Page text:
When we decided to move to the bay I was inspired by the beat poets, but not in a nostalgic way. They were groundbreaking voices, crossing ethnographic lines, so socially diverse. My greatest honor was finally having a zine accepted by City Lights, which became my greatest guide and hope for a future. But what future was that? I don’t even feel like we’re in the present. Can we look at what’s here? And what can become of it, not through some kind of destructive change, but because of a sharing of all of these efforts? If we combine technological exploration, design, ecology and social justice, couldn’t we make this place not something to dream about, but something to be?

I often, because of the meta prayer in Buddhism, focus on what could be expressed through The Eames film, Powers of Ten, which in medtation looks like this: you start by loving yourself, and then move your compassion slowly into a larger circle with honesty, starting with people you are closest to, your neighborhood, then moving through each consideration until you reach into feeling compassion for all that there is. There’s a scientific basis to this, most elegantly displayed by the Eames film, which is one I saw long ago. I don’t know California that well, it’s still in a dream in my mind.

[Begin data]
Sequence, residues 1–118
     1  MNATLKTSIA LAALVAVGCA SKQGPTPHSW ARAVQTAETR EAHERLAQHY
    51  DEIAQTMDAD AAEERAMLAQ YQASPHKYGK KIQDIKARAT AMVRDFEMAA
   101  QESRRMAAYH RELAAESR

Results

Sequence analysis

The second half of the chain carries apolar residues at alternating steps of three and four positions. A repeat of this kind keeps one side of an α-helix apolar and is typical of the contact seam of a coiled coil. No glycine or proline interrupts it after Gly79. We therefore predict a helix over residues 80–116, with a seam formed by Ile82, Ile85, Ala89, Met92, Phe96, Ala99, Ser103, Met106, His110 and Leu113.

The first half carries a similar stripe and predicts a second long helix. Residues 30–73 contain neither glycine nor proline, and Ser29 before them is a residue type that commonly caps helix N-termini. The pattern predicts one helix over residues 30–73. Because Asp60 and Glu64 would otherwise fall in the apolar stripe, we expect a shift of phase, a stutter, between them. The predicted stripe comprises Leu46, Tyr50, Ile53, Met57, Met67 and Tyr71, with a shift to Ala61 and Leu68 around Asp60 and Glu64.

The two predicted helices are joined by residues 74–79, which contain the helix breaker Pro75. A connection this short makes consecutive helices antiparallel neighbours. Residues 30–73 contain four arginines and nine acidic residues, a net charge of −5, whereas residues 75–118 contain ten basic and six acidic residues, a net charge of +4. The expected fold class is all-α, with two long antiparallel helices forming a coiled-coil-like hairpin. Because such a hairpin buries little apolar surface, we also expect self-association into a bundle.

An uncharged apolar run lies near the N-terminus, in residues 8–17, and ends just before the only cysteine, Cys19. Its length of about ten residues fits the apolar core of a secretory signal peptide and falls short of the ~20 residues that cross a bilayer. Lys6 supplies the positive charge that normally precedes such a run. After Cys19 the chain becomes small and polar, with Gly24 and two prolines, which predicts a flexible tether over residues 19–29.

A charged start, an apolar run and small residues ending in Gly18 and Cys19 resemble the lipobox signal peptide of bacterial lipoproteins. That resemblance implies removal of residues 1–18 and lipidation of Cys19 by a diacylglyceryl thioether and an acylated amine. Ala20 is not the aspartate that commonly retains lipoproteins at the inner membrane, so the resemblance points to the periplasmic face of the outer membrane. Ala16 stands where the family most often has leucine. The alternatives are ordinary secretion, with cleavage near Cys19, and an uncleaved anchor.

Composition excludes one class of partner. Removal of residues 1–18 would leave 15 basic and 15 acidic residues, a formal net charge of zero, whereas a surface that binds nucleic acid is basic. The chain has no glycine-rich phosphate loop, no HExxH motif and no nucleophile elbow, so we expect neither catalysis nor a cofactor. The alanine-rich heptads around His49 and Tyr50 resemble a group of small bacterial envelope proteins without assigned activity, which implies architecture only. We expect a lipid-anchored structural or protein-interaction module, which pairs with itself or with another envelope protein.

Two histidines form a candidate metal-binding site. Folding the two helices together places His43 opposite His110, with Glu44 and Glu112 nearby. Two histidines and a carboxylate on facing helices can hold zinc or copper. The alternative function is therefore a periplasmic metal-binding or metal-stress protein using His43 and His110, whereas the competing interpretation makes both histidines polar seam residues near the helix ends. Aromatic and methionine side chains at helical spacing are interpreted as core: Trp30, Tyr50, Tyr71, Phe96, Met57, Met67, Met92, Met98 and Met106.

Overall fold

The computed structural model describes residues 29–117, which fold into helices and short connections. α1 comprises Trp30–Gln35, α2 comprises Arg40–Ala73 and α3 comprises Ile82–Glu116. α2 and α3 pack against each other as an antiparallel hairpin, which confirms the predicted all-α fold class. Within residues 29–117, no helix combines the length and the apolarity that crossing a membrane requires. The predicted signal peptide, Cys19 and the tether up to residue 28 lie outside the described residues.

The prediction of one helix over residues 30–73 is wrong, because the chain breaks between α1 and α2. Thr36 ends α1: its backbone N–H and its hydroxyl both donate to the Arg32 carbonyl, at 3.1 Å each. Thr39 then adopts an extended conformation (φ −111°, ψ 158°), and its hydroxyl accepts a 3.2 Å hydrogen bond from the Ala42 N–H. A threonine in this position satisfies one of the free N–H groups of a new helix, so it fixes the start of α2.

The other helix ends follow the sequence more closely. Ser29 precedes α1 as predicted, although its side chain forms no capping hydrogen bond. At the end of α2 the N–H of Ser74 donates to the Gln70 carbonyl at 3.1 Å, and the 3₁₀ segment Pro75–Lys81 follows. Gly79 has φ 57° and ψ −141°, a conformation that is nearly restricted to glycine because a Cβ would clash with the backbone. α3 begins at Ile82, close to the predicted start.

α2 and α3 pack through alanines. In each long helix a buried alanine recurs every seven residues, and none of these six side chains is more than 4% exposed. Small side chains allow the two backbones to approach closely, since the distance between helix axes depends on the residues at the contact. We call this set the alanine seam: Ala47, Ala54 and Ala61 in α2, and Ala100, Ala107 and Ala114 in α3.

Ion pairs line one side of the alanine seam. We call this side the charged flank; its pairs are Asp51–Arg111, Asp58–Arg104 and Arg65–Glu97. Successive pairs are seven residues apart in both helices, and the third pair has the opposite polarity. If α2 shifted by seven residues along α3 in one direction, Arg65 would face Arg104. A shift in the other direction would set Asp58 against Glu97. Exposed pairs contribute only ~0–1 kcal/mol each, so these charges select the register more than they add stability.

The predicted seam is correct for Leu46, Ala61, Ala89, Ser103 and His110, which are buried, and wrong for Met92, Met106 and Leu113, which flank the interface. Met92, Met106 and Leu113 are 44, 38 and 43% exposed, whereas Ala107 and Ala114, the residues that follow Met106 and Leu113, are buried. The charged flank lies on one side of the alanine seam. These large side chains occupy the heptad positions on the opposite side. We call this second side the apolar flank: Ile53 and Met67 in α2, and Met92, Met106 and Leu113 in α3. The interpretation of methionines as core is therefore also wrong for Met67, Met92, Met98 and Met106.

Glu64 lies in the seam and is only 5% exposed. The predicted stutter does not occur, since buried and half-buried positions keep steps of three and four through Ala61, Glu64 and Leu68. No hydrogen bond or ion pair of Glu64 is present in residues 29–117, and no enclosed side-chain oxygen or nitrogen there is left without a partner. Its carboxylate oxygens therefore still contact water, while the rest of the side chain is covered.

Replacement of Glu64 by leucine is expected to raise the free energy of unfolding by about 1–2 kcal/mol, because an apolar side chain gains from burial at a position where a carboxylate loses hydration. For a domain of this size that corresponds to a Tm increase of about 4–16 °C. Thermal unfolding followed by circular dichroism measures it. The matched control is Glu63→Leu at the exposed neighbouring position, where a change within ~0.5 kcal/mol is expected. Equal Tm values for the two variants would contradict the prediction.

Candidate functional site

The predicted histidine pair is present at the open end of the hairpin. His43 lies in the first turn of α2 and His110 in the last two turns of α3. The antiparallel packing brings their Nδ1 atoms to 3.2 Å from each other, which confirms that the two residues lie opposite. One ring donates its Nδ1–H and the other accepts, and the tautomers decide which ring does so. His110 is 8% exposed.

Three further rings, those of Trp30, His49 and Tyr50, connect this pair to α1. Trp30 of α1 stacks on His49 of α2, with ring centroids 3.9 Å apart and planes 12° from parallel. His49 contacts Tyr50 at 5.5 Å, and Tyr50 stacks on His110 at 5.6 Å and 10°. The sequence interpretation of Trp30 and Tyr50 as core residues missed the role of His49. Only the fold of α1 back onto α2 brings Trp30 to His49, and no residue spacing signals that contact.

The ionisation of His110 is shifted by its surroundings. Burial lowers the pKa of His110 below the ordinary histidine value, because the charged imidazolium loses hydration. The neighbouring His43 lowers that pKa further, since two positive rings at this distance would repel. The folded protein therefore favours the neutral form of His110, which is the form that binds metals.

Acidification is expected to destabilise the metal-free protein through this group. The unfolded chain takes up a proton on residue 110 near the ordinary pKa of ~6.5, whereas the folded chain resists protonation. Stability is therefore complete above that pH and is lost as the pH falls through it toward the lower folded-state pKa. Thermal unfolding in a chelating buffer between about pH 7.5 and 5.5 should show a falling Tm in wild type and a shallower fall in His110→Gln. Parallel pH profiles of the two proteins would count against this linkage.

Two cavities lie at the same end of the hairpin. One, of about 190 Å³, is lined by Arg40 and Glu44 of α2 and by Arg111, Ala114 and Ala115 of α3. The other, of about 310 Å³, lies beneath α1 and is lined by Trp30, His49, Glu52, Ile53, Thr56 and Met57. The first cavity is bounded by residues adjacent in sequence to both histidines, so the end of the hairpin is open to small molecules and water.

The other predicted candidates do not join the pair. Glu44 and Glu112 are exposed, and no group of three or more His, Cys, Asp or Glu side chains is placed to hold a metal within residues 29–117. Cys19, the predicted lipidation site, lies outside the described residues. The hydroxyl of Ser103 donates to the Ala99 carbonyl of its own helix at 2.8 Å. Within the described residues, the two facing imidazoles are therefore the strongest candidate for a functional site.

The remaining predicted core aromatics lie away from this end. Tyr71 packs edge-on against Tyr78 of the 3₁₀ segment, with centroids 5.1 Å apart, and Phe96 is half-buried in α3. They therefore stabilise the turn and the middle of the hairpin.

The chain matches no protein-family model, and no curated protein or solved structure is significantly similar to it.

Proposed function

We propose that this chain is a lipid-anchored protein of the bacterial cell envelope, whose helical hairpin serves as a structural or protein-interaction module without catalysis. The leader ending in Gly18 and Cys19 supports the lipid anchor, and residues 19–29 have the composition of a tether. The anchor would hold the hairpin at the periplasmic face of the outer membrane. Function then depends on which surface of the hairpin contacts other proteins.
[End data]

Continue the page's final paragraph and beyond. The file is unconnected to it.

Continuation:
So for now I’m looking at just the beginning of the meta prayer, and I’m looking through the lens of painting. If you’ve read this blog you may be able to tell that I moved from writing into painting for the last three weeks. I’m selling work and things are going well. I love the connection with the world. But I’m just at the beginning of the prayer, moving slightly into the level of the neighborhood. I’m connecting with people and getting to know the environment. The first thing I had to do was just have compassion for myself, because if you can’t do that you have no ground to stand on to expand that to all there is. It’s simple but difficult. I rework through paintings and nothing is ever static. That has always been part of my strategy with digital painting in honor of Walt Whitman’s Leaves of Grass. I’m getting there. I looked through so many old photos, but that was just the beginning, for the next series I’m going to try and show what it means in the real world, which is neither physical nor a dream, it’s consciousness, and I can see that only when I read certain kinds of poetry.